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I work in local government as well as blogging at www.shoestringcottage.com about thrift, frugality and making extra money. I live with my partner Justin (aka Mr Shoestring) and have three adult daughters.
What do you do to make money?
We use our spare room! For years we hosted foreign language students but more recently we have had longer term lodgers. There are plenty of ways to earn extra if you have a spare room and I discussed them in my recent post here.
How long have you been doing this?
For the past six years or so.
What inspired you to think about making money from your home?
I was looking for ways to earn extra money that involved as little work as possible. Under the government’s Rent a Room scheme it is possible to earn up to £7,500 a year tax free in this way. It's such an simple way for us to bring in extra income, and you could be making money from your home easily too.
What do you love most about it?
When we hosted language students we all loved meeting young people from different parts of the world and learning about their culture. We have forged some lasting friendships from this. Now that the girls are all off doing their own thing we have had a couple of lodgers, both females and a similar age to my daughters. We enjoy the company.
What do you find most challenging about it and how do you overcome this?
The biggest challenges were with some of the language students. Those around 16-18 were keen to push the boundaries as they were out of their parents’ eye line. We had a couple who stayed out much later than agreed and one 17 year old who came back very drunk and spent half the night throwing up! I preferred the older French engineers who came once a year. They were usually in their late 20s and would do their own thing. They often enjoyed cooking for us on occasion, which was lovely.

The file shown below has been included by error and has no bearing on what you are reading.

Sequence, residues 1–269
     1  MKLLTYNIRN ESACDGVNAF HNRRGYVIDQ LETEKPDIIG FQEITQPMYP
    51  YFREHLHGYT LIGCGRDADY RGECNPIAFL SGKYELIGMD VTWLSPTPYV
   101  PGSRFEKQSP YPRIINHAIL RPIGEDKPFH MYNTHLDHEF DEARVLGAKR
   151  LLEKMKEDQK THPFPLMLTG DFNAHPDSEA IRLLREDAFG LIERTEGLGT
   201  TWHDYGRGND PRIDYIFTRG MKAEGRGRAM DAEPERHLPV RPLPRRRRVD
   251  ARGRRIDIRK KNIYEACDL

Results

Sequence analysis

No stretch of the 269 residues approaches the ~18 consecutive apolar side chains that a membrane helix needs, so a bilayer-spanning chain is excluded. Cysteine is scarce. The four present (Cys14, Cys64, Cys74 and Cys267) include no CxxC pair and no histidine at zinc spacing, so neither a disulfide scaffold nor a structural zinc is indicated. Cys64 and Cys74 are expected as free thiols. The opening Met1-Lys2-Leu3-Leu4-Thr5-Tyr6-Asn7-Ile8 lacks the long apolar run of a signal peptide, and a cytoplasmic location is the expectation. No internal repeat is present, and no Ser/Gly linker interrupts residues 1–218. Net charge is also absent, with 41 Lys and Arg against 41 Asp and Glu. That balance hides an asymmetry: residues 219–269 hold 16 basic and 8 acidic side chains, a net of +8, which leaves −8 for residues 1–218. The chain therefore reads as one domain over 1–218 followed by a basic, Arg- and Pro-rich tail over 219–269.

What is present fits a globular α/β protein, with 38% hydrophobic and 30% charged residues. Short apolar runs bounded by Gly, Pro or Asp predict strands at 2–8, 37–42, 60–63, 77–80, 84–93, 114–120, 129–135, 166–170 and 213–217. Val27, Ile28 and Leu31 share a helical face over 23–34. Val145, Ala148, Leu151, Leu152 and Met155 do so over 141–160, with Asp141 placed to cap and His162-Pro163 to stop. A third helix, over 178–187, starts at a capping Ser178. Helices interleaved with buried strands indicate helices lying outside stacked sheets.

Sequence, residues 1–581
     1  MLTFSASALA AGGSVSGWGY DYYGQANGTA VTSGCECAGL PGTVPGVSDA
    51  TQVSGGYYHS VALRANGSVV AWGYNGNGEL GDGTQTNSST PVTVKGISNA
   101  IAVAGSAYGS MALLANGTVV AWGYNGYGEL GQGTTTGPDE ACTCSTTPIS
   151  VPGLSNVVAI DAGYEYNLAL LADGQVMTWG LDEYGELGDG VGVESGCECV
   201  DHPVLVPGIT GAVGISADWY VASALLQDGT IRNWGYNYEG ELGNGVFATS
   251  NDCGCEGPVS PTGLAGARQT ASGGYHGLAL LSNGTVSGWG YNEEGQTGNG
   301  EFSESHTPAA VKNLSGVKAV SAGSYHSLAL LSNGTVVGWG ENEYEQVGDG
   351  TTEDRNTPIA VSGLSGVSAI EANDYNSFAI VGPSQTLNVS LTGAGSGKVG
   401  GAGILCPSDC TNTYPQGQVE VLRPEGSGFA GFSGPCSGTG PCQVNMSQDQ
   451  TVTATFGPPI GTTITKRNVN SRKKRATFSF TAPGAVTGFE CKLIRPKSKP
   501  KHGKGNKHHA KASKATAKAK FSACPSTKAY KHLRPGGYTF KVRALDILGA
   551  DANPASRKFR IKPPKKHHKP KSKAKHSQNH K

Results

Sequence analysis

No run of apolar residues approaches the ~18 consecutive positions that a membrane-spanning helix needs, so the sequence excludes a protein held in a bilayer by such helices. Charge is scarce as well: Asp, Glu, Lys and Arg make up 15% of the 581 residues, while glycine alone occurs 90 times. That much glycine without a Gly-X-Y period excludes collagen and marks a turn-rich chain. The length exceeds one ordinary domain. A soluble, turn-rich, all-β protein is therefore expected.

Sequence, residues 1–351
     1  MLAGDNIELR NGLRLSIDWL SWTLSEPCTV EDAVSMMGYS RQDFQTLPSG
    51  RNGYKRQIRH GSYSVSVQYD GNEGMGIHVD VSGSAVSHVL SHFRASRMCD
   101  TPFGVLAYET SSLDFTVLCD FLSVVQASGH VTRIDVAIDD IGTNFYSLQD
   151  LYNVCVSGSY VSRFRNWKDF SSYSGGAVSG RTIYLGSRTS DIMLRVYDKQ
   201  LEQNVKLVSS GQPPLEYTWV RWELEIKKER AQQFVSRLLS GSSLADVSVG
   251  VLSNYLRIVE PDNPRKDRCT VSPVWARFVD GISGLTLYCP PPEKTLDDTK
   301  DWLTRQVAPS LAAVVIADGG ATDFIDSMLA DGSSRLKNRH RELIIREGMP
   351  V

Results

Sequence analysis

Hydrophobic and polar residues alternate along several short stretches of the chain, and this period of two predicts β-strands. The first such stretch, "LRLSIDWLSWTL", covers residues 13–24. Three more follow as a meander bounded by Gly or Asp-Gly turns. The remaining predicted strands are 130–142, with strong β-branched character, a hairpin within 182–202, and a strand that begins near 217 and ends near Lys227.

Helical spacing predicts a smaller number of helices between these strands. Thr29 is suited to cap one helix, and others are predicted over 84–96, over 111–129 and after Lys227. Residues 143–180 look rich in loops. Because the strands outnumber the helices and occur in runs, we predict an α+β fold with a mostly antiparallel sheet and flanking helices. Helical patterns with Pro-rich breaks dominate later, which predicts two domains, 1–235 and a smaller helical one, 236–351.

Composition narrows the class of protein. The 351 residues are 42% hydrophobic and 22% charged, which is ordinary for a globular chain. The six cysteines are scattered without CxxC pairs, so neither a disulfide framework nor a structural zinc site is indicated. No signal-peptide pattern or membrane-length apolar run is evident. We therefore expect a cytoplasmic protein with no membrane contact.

Money can make or break a person. Has your relationship with money changed over the years?
Absolutely. I used to be a total nightmare with money and really didn’t have a clue. I got my first mortgage without really understanding anything about the process and was lucky I didn’t get myself into serious debt. I was constantly overspending – takeaways three times a week, with no thought to the cost – and frequently overdrawn. Now I know where pretty much every penny goes and budget for everything. I still don’t have loads of spare cash, but I can afford the things that are important to me because I save for them. How do you feel that money has now made you happier, healthier, or wealthier? Anxiety about money is horribly destructive and permeates every thought and action. Being in control of the bank balance makes me very happy and a whole lot healthier.
What important choices have you been able to make because of money?
We are careful with our money all year and this means that we can afford to pay for the things that we really enjoy, like travel. We usually go away twice a year, once in the UK and once abroad somewhere. We also have money so that we can enjoy Christmas and birthdays with the family.
For many, the retirement age is now 67 or 68. Do you still see yourself still working at this age?
I can’t see myself giving up work altogether as I enjoy being busy. However, I would like to choose the kind of work I do. I would like to be able to focus more on my blogging and writing generally. I am also a trained yoga teacher and would like to do more of that. I intend to retire from my formal job by the time I hit 60.
What does your ideal retirement look like? What age? What do you see yourself doing?
See above. We would love to buy a camper van too and build a lot of travel into our later years.
What plans do you have in place to allow you to live this ideal retirement?
We intend to pay our mortgage off within the next couple of years and already have a camper fund on the go! (You are not the only one Jane - we do too :-) ) By being careful and frugal now, we hope to reap the rewards in our 60s.
Any other comments?
You don’t have to earn a fortune to have a great life. By carefully managing the cash you have, saving and investing when you can and earning extra whenever possible, you can live the life you want at any age. Shoestring Jane blogs about living a fun and frugal life at http://www.shoestringcottage.com. She writes about healthy eating on a budget, frugal gardening and growing your own food, making extra money and finding the best bargains. You can also find Jane on Twitter (@shoestringjane), on Instagram (@shoestringcottage) and on Facebook.